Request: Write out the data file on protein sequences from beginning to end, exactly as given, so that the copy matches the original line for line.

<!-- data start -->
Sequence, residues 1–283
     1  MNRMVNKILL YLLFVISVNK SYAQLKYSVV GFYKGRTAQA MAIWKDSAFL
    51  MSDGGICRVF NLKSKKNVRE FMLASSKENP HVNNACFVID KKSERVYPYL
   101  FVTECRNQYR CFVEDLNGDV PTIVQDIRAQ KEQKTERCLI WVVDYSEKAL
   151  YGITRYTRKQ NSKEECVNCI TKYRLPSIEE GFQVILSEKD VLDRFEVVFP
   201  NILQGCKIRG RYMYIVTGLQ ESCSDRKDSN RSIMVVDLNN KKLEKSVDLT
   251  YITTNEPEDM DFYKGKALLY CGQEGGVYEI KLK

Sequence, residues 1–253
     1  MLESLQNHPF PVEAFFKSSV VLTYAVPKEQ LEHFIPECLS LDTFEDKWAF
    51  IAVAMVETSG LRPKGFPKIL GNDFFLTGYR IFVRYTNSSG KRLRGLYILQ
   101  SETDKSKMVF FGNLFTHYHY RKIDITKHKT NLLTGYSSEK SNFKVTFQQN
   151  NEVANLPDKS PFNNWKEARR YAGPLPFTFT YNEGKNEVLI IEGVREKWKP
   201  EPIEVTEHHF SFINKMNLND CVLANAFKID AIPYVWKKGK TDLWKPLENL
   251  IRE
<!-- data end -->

Sequence, residues 1–283
     1  MNRMVNKILL YLLFVISVNK SYAQLKYSVV GFYKGRTAQA MAIWKDSAFL
    51  MSDGGICRVF NLKSKKNVRE FMLASSKENP HVNNACFVID KKSERVYPYL
   101  FVTECRNQYR CFVEDLNGDV PTIVQDIRAQ KEQKTERCLI WVVDYSEKAL
   151  YGITRYTRKQ NSKEECVNCI TKYRLPSIEE GFQVILSEKD VLDRFEVVFP
   201  NILQGCKIRG RYMYIVTGLQ ESCSDRKDSN RSIMVVDLNN KKLEKSVDLT
   251  YITTNEPEDM DFYKGKALLY CGQEGGVYEI KLK

Sequence, residues 1–253
     1  MLESLQNHPF PVEAFFKSSV VLTYAVPKEQ LEHFIPECLS LDTFEDKWAF
    51  IAVAMVETSG LRPKGFPKIL GNDFFLTGYR IFVRYTNSSG KRLRGLYILQ
   101  SETDKSKMVF FGNLFTHYHY RKIDITKHKT NLLTGYSSEK SNFKVTFQQN
   151  NEVANLPDKS PFNNWKEARR YAGPLPFTFT YNEGKNEVLI IEGVREKWKP
   201  EPIEVTEHHF SFINKMNLND CVLANAFKID AIPYVWKKGK TDLWKPLENL
   251  IRE